Merging models with different grids
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Often there are two models that have overlapping scopes and that are used in different assessments for describing the same variable or similar variables. It would be beneficial to be able to utilise the information in both models. However, a typical problem is that the indices used (especially spatial grids) are incompatible.
How should these different indices (or spatial grids) be operationalised in such a way that does not cause excessive workload and enables effective use of the information available?
Let there be two models that describe the same variable, e.g. a pollutant concentration field over a defined area. The two models describe the concentration in different grids.
The result of the variable should be usable in either assessment without technical limitations from grid systems.
Thinking is based on intuition and practical experience.
Ideally, a variable is described in such a precise way that the value for any grid cell can be computed. Then, it does not matter which grid you use. In practice, this would require continuous descriptions, e.g. a concentration field is not described as average concentrations in each grid cell, but a continuous function (or surface) f, where the f(x) can be solved for any x. If the concentration is uncertain, then the function is described as a sample of functions f_i(x), where i=1..n and n is the number of samples.
In practice it is not at all easy to derive these functions f_i. Therefore, you need to start with something more practical. Then, I would go for a standardised index (=grid) that is used throughout the assessment. But then you have a problem, when you apply the same variable in different assessments that have non-similar grids. There are two solutions:
1) You don't care about this, but just make a new result with a new grid. Then, the version 1 (dated at time t) of variable a is only compatible with assessment A (using model A*), while the version 2 (dated at time t+1) of a is only compatible with assessment B (using model B*). The problem is that the two versions are produced using different models, and it is very difficult to estimate, whether version 2 is actually better (=closer to the truth) than version 1. Another problem is that if you want to use A*, you must use an old version of a, because of practical incompatibilities.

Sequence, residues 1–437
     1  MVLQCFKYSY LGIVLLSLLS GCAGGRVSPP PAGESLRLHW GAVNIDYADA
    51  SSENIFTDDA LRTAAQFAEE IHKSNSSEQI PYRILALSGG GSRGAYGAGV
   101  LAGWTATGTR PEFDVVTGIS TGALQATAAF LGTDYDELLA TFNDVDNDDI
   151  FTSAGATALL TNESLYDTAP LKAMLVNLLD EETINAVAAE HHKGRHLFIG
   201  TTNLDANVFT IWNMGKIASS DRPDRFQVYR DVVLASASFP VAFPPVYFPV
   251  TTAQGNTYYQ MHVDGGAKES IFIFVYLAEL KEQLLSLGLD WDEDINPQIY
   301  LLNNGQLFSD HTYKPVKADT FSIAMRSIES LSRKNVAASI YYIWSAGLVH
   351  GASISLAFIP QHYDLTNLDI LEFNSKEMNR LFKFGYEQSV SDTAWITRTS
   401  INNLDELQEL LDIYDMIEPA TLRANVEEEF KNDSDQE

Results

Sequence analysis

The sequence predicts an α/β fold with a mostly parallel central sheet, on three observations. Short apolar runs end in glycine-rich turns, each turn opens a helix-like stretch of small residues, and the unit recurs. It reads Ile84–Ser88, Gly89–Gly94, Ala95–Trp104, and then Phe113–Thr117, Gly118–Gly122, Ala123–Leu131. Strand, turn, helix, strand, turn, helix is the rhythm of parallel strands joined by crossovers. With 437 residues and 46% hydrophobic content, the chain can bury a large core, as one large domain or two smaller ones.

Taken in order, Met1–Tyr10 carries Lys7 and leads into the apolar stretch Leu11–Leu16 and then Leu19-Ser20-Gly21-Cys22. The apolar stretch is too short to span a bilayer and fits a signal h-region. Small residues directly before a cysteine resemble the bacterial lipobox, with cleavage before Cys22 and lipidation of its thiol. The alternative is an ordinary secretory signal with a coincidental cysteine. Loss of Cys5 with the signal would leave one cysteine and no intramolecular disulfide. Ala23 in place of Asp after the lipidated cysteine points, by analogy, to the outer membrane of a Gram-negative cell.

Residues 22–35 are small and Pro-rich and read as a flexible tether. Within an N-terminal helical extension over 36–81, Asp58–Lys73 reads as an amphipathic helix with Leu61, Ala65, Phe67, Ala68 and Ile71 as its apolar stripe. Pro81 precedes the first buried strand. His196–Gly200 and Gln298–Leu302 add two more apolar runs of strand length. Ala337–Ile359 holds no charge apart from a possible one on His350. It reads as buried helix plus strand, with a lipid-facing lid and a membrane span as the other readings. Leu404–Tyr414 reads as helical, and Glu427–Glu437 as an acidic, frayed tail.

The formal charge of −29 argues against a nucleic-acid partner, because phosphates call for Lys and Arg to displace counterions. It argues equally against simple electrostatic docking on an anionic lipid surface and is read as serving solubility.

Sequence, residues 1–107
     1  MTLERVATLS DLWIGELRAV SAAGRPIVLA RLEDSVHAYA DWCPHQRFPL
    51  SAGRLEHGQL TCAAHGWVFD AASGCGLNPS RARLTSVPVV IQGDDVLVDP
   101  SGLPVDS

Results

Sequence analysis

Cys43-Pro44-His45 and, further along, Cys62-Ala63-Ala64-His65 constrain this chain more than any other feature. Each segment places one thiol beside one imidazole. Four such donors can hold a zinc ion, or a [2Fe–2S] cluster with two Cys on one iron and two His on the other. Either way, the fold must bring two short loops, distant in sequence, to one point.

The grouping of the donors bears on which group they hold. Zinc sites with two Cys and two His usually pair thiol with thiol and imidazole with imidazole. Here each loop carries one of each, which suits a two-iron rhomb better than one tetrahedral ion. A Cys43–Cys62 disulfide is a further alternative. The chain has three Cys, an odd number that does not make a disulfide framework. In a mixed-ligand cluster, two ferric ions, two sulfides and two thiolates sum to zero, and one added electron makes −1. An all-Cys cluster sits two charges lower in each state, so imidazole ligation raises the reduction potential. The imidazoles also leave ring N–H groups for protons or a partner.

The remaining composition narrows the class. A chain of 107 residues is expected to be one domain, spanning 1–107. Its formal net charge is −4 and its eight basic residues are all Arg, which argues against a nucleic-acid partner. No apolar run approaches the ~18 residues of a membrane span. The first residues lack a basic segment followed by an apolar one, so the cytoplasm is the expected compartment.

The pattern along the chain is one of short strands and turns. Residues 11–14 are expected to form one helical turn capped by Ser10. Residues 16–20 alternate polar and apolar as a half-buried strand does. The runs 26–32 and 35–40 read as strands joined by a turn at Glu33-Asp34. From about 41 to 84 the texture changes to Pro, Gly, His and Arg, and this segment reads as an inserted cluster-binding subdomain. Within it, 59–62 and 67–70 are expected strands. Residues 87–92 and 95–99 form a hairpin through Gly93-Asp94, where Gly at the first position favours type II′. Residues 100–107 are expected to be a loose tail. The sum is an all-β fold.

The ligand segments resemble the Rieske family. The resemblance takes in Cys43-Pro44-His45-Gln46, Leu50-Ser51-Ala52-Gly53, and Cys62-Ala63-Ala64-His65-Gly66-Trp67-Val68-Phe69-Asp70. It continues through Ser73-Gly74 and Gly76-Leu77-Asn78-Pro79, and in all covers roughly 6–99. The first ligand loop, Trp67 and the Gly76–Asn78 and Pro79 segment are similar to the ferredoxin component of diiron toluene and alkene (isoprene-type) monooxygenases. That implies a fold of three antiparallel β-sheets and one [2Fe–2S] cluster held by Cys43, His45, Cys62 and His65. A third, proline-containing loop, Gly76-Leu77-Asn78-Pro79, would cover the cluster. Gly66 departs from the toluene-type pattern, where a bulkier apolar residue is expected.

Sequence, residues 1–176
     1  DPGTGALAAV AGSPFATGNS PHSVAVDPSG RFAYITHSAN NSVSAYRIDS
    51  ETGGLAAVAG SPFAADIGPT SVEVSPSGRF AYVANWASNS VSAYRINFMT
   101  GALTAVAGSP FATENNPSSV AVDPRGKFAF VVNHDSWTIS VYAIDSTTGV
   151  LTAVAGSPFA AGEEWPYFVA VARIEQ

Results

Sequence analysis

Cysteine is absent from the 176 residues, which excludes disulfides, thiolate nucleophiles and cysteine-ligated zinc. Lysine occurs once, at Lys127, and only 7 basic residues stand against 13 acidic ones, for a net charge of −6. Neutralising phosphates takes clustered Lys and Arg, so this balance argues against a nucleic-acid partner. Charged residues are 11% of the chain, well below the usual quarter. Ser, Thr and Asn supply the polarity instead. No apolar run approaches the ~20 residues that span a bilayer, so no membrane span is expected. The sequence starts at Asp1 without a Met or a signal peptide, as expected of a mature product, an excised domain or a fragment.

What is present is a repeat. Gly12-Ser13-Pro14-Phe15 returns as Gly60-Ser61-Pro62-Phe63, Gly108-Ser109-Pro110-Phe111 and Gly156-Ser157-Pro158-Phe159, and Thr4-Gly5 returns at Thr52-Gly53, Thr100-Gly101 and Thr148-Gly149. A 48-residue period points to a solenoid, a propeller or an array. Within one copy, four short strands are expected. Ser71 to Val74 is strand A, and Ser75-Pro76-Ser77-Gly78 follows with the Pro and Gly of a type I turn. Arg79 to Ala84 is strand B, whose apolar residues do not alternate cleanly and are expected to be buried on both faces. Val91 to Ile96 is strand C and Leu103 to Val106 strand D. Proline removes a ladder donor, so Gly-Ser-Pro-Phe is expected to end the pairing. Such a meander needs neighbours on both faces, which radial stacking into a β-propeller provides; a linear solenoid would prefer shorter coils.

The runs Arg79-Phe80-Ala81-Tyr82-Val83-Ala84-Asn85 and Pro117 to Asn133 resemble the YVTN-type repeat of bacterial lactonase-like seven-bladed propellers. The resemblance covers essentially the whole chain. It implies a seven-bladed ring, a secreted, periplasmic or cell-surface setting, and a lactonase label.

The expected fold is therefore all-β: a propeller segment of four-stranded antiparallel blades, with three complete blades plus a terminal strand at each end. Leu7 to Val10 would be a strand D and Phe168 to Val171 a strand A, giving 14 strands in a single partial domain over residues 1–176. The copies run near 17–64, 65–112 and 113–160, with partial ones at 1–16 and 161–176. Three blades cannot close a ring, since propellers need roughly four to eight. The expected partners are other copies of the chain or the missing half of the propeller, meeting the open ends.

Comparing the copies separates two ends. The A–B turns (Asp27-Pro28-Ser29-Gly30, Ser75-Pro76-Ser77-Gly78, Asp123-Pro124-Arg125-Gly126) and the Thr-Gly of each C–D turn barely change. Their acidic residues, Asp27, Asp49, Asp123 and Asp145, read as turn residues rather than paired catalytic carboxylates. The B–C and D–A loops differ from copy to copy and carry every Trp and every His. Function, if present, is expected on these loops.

To overcome this, you should develop a merged model AB* that contains all knowledge from both A* and B* and both grids. In this way, a model AB* would clearly be better in theoretical (=closer to the truth) and practical (compatibility with different grids) grounds. But, the problem is that it is a lot of work and who would want to do the work, because it mostly helps the others.
2) You want to avoid the problem of changing grids. Then, you must define the grid in the scope of the variable. Then, only results given in that grid are valid answers for the research question of a, and the assessor of B will create another variable b with another grid. This makes it easier to utilise a with your model A* and your data. But the problem is that you cannot easily utilise information included in b and B*. But because information about b is valid also for a, anyone can bring that information to the Definition/Data of a, and demand that it is utilised in the development of A*.
In summary, I would start with variables where the grid is not defined in the scope. Then the first developer of a can decide the grid. If someone else starts using a with a different grid, then the original developer might want to go for 2) and create another variable c, having his original grid in the scope. If the information flow between b and c is important and useful, then the developers of b and c should start collaboration in developing a together.